Jon Fitch says he is “too good anywhere” for most welterweights in MMA. | Photo: Dave Mandel/Sherdog.com
After dropping his World Series of Fighting debut against Josh Burkman at WSOF 3, Jon Fitch has climbed back into title contention with two consecutive victories.
At WSOF 16 on Saturday, Fitch looks to claim welterweight gold when he takes on fellow UFC veteran Rousimar Palhares.
In “Toquinho,” Fitch will compete against a fighter who is renowned -- as well as maligned -- for his leglocks. Of Palhares’ 16 wins, 13 have come by way of submission, and nine via heel hook. This statistic did lead Fitch to focus portions of his training camp on the maneuver, but not to the point where he was psyching himself out about being submitted.
“I had to make sure I was comfortable with leg defense and the avoidance of leglocks, as well as escaping them. But I didn’t want to spend too much time solely on getting out of leg submissions. The best policy on submissions is just avoiding them altogether,” Fitch told Sherdog.com this week. “I focused a ton on strength training, speed, cardio, a lot of everything. I am better than I’ve ever been at this point in my career, and I’ve had a great training camp. I think I’m going to surprise people with my abilities in this fight.”
Palhares has a well-documented history of not releasing a submission hold immediately after an opponent taps. The best example of this would be UFC Fight Night “Maia vs. Shields,” an event that saw Palhares fail to release a heel hook on Mike Pierce. As a result, Palhares was cut from the UFC and Pierce was left with a severe ligament tear. Still, Fitch refuses to classify his upcoming opponent as a dirty fighter.
“I don’t think [Palhares] is a bad person. I just think maybe he doesn’t understand the danger he’s putting another fighter’s career in by not respecting the referee’s commands,” Fitch said. “It could be that it’s lost in translation or maybe he doesn’t understand the English the ref is speaking to him. I don’t know, maybe it’s something in his training that’s wrong and he’s hurting a lot of his training partners, too. Something is a little off with him hanging onto the submission so long. I’m not really worried about that because I’m not going to let myself get in that position.”
If Fitch leaves McClellan Conference Center in Sacramento, Calif., as a WSOF champion, he will represent a mixed martial arts promotion of which he is happy to be part. Fitch chalks up any issues former fighters have with the Las Vegas-based promotion simply as growing pains.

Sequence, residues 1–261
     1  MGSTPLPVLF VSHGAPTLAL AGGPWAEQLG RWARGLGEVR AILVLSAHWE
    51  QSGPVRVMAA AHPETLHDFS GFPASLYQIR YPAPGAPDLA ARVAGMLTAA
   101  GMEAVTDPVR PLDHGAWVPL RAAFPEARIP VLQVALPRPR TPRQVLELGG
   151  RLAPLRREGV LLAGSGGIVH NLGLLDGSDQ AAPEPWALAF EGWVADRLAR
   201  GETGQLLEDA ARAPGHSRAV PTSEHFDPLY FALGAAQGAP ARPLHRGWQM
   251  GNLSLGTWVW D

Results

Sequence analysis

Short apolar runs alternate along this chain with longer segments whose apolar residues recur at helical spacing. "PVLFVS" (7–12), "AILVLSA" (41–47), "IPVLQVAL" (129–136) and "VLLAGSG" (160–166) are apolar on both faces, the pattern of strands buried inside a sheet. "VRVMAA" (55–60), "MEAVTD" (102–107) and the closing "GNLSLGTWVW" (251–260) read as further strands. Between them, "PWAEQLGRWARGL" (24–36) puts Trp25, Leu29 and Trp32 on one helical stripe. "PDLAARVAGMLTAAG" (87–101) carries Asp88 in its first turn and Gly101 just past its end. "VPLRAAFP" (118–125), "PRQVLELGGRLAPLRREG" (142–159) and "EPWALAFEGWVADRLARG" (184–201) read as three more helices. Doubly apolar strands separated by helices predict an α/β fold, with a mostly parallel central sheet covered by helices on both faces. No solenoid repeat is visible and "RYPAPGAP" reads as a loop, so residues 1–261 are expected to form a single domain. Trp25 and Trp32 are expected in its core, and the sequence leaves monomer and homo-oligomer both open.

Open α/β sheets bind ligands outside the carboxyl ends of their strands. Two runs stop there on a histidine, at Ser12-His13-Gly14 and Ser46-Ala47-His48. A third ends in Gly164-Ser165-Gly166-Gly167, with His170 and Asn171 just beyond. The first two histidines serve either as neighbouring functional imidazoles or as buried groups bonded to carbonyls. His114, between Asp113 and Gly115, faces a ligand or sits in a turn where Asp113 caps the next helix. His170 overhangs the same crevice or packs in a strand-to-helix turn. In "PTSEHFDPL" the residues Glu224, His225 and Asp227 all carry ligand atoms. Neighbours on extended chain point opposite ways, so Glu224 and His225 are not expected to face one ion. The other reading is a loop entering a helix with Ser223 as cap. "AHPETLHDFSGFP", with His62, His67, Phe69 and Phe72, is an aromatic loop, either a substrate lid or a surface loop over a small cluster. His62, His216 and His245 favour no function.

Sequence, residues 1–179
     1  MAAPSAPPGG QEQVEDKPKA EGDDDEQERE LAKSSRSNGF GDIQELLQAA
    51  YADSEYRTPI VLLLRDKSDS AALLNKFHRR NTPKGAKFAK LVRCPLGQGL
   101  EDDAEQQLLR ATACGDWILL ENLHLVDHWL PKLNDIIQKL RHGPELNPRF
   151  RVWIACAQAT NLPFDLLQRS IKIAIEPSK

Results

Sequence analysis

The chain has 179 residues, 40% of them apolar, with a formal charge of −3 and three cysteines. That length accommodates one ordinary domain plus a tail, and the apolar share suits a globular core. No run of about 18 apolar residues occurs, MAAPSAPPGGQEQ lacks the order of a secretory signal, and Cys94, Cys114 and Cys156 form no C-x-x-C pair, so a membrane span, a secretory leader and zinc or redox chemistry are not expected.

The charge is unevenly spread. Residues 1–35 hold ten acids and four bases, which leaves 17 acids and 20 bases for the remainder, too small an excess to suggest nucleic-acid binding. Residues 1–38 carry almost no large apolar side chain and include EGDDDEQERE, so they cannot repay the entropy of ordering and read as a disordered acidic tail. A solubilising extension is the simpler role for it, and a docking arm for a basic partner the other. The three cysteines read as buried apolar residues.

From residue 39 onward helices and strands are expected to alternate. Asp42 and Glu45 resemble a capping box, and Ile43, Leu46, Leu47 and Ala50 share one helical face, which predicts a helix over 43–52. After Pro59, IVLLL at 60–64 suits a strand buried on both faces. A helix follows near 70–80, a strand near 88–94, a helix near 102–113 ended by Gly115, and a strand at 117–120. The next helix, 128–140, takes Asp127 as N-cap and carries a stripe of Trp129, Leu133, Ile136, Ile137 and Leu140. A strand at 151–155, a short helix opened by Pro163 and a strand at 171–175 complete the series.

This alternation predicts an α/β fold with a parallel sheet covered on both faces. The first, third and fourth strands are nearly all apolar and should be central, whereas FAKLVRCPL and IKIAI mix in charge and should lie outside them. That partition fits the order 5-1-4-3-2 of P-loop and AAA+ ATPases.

“Fighters are generally prima donnas who want people to cater to us and want everything done our way. We are pretty selfish people when it comes down to it,” Fitch said. “But you have to take any mistakes [WSOF] make with a grain of salt because they are so new. They just don’t have as much experience doing what they are doing. I’m being patient with that and they have treated me well, but it’s just going to take some time.”
One of the common grievances fighters have made regarding WSOF is a lack of fights. Fitch sympathizes with such comments, making it clear that he, too, wishes to compete more frequently. But looking at the MMA landscape, the American Kickboxing Academy product knows it’s hard to hold events because of the way Ultimate Fighting Championship currently conducts business.
“I’d love to fight more often also, but it’s just not in the cards right now. They have trouble sometimes finding matchups and finding fighters,” Fitch explained. “It’s difficult to just be in the MMA market as a promotion nowadays with the UFC monopolizing everything.”
The 36-year-old believes there are solutions to the problem. Fitch feels as though fighters should be able to fight where there’s work, thus preventing lulls if there are no upcoming matchups available in WSOF.
“I think a major change to the entire MMA landscape needs to happen, quite honestly,” Fitch said. “I think these long-term contracts have to go away. We are independent contractors, and independent contractors should not be forced to work for only one company. That’s not the definition of independent contractor. You’re either an employee or you’re not. I would like to see some changes there because I think it prevents fighters from competitively asking for what they are worth.”
But for now Fitch’s sights are set on Saturday and his main event clash with Palhares. If you have followed the career arc of Fitch, expect more of the same at WSOF 16. With 16 career victories coming by way of grinding decision, the Fort Wayne, Ind., native could add to that total if the game plan he spoke of comes to fruition.
“I’m going to do what I always do. I’m going to fight him everywhere, smother him, wear him out, drag him into deep water and drown him. I don’t think people can keep my pace,” Fitch said. “I’m too good anywhere for most of these guys. I think I’m the best welterweight in the world, regardless of what anyone thinks or says. I match up with everyone at any age or time period in this sports history. I’m still fighting to prove I’m the best ever.”
If there were to be a finish in the main event, just how sweet would it be for Fitch to finish Palhares via leglock? Fitch chuckled, but offered this in response.
“It would be ironic. I’m not really a leg lock type of person. I prefer to beat the crap out of someone over the course of 15 minutes instead of knocking someone out in the first round.”